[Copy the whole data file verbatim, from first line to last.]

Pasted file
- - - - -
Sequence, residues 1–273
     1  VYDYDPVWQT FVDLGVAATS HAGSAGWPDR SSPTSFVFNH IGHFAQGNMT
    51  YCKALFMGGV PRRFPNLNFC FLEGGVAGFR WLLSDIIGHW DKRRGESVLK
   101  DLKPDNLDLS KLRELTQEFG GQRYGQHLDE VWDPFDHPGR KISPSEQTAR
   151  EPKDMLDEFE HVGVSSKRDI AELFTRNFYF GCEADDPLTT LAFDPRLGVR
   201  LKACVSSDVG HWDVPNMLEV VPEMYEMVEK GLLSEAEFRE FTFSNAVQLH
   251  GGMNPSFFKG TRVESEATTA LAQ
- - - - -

Sequence, residues 1–273
     1  VYDYDPVWQT FVDLGVAATS HAGSAGWPDR SSPTSFVFNH IGHFAQGNMT
    51  YCKALFMGGV PRRFPNLNFC FLEGGVAGFR WLLSDIIGHW DKRRGESVLK
   101  DLKPDNLDLS KLRELTQEFG GQRYGQHLDE VWDPFDHPGR KISPSEQTAR
   151  EPKDMLDEFE HVGVSSKRDI AELFTRNFYF GCEADDPLTT LAFDPRLGVR
   201  LKACVSSDVG HWDVPNMLEV VPEMYEMVEK GLLSEAEFRE FTFSNAVQLH
   251  GGMNPSFFKG TRVESEATTA LAQ